Remember four weeks ago when I had a migraine on my birthday and Mackenzie was sick? Well she’s still sick.
Nobody in our house was sick all winter long, not even a drippy nose that I can recall. But then in April Scott started working at Children’s Hospital and brought home an awful bug and spread it around generously.
– I was sick for 2 weeks and was nearly better, but Easter morning I got hit hard again with a cough and sore throat that took another week to get over.
– Scott’s turned into walking pneumonia and he finally succumbed to antibiotics a few days ago, and had a rapid recovery.
– Mackenzie has maintained her energy level, sleeping and eating habits just fine… but has been booger-topia. (I am not a doctor, I just call it like I see it. And booger-topia was clearly the diagnosis.) She developed a cough a week ago that has just held on and it sounds terrible. So I scheduled an appointment with her pediatrician for this morning.
It was at 9:15 am and we were going to walk, being without a car. We set off at a brisk pace at 8:37, seven minutes after I “planned on” leaving but a cool three minutes before I actually “had to” leave. I have learned the value of a time cushion.
In times past, my route to the office has been a long roundabout way, which involves walking on a narrow shoulder of busy roads while cars blow past. This morning, though, I had a much better plan. Scott assured me there was a shortcut 10 minutes from our house that would allow us to cross the railroad tracks and get on a road with sidewalks.
Just one problem I discovered: barbed wire. Normally I’m not one to be unduly deterred by fences, but pushing a double strolled loaded with little girls made me think twice. We doubled-back and were now very, very late.
So I did what anybody would do in this situation: I made good use of the jog stroller. We managed to do the gigantor loop without becoming a police report and I even arrived early to the appointment. Never mind that I was dripping in sweat in my jeans and breathless.
I did get a raised eyebrow from the receptionist but I’m told life without raising a few eyebrows is boring.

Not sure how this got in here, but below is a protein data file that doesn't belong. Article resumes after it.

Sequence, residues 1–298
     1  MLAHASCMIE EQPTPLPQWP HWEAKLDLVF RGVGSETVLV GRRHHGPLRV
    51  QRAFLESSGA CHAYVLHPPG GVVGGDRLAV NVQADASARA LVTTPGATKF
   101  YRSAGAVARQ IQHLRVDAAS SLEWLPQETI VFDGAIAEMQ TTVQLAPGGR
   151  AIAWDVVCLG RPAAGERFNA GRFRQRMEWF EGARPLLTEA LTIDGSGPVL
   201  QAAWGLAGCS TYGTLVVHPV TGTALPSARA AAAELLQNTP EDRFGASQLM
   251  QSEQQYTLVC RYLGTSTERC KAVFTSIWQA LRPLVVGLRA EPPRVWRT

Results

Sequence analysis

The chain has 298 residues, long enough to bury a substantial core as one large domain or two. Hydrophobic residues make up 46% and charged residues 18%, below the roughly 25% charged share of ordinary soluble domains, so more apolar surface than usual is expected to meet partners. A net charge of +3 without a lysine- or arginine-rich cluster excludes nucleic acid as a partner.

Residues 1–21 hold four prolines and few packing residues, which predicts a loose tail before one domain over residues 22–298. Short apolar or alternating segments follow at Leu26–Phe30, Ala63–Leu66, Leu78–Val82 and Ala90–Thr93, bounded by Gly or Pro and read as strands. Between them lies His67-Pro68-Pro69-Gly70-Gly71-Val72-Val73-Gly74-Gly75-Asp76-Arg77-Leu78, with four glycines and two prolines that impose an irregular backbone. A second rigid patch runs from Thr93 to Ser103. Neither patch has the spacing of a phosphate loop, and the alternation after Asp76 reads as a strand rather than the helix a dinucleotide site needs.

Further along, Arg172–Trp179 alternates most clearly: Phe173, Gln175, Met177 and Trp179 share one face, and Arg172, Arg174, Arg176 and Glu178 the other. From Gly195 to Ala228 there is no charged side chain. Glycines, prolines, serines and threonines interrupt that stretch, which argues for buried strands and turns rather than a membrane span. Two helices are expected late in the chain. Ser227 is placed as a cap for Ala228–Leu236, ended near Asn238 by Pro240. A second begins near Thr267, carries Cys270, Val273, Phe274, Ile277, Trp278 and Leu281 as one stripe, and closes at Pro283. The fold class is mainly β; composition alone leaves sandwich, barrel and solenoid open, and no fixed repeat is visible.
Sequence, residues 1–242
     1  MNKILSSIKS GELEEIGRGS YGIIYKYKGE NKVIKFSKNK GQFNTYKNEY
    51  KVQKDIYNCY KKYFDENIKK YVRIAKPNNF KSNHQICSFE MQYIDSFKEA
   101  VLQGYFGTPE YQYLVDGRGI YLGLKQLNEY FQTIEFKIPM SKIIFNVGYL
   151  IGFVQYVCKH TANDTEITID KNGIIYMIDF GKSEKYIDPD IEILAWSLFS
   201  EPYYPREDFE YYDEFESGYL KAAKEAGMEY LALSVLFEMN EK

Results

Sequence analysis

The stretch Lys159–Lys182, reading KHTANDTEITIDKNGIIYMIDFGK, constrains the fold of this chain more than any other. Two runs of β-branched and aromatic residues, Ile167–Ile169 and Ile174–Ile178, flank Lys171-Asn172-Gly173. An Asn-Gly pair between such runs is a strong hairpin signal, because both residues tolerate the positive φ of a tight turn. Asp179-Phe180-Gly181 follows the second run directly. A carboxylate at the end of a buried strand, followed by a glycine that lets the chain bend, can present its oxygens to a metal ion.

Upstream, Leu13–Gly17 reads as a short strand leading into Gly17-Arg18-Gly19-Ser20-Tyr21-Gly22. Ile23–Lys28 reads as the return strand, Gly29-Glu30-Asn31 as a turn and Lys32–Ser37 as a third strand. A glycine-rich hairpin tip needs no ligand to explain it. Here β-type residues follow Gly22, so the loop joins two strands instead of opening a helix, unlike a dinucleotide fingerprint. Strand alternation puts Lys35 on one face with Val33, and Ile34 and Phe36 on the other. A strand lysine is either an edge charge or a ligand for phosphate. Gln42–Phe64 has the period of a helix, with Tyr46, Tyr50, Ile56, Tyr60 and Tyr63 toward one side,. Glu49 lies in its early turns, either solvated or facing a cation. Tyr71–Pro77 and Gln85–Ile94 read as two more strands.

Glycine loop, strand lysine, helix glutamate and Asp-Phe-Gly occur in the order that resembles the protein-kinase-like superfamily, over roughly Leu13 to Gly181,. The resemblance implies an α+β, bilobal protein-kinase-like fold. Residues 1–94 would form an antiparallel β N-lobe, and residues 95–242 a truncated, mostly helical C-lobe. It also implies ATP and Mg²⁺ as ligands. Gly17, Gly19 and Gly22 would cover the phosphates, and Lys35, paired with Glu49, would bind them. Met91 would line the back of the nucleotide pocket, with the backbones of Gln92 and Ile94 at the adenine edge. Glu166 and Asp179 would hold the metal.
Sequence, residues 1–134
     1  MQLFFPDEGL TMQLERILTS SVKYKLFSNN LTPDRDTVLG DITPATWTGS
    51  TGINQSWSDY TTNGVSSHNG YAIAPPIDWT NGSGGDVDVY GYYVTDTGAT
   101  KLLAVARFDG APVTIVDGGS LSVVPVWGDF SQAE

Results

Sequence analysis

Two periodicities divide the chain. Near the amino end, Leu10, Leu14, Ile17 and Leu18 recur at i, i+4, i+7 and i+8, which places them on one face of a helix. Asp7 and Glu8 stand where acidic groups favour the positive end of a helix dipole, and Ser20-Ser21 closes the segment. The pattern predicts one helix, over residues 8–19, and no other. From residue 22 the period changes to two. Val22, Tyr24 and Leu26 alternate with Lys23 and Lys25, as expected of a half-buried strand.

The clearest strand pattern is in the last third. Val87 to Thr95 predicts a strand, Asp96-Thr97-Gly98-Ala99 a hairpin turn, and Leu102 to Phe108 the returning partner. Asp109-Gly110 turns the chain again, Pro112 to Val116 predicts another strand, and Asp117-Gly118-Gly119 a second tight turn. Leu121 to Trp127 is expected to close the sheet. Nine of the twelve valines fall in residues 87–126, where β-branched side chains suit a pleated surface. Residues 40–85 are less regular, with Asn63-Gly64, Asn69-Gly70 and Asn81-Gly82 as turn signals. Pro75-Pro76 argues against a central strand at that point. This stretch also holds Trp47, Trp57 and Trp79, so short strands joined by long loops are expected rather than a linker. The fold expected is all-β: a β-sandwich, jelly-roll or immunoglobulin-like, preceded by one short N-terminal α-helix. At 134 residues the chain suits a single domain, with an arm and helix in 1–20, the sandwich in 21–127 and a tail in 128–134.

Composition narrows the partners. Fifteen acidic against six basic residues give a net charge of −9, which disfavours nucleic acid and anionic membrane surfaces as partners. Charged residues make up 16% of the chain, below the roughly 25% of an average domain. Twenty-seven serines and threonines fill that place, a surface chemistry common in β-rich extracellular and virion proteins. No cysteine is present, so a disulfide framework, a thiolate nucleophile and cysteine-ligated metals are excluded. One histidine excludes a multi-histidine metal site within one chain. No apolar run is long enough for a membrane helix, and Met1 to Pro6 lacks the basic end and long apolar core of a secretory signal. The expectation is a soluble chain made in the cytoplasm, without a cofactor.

Score One Point for kale
The Doctor took a look at Mackenzie’s throat with his little light and said “Booger-topia!”
Ok, his exact words may have been more along the lines of “it’s a river back there. No wonder she’s coughing like that!”
He opted to give her an antibiotic since it’s been going on so long. As he scribbled on his chart, he asked if she was allergic to any medication.
“Not that I know of, but then again, she’s never had any.”
He froze. “She’s never had an antibiotic?”
“Nope. The only time we’ve come in besides well checks is when she broke her foot.”
He shook his head in disbelief and finished writing the prescription. “Well, good for her!”
I didn’t realize a three and a half year old who has never had antibiotics was odd, but I’m glad I have one. I attribute it to two things:
1) I think our bodies are pretty darn good at fighting things off on their own, so I let minor things like colds run their course.
2) Excellent nutrition. I have a hunch the huge uptick in antibiotic prescriptions and childhood issues like ear infections and allergies has much to do with what we’re feeding our children. I also believe my favorite book on childhood nutrition that the tendency to give antibiotics at the first sign of ear infection (for example) wipes out all bacteria, good and bad, thus allowing bad bacteria to resettle.
I remember her first bite of sweet potato 3 years ago:
She’s come a long way and loves almost everything I put on the table now.
I’m giving Mackenzie the medicine and I do hope it’ll stop the booger flow (it’s all down her throat, not down her face, in case you had a nasty visual there). But unless you heard her cough, you wouldn’t even know she was sick! We went to the zoo yesterday and she ran around for a solid hour and a half, excited to get re-acquainted with sunshine.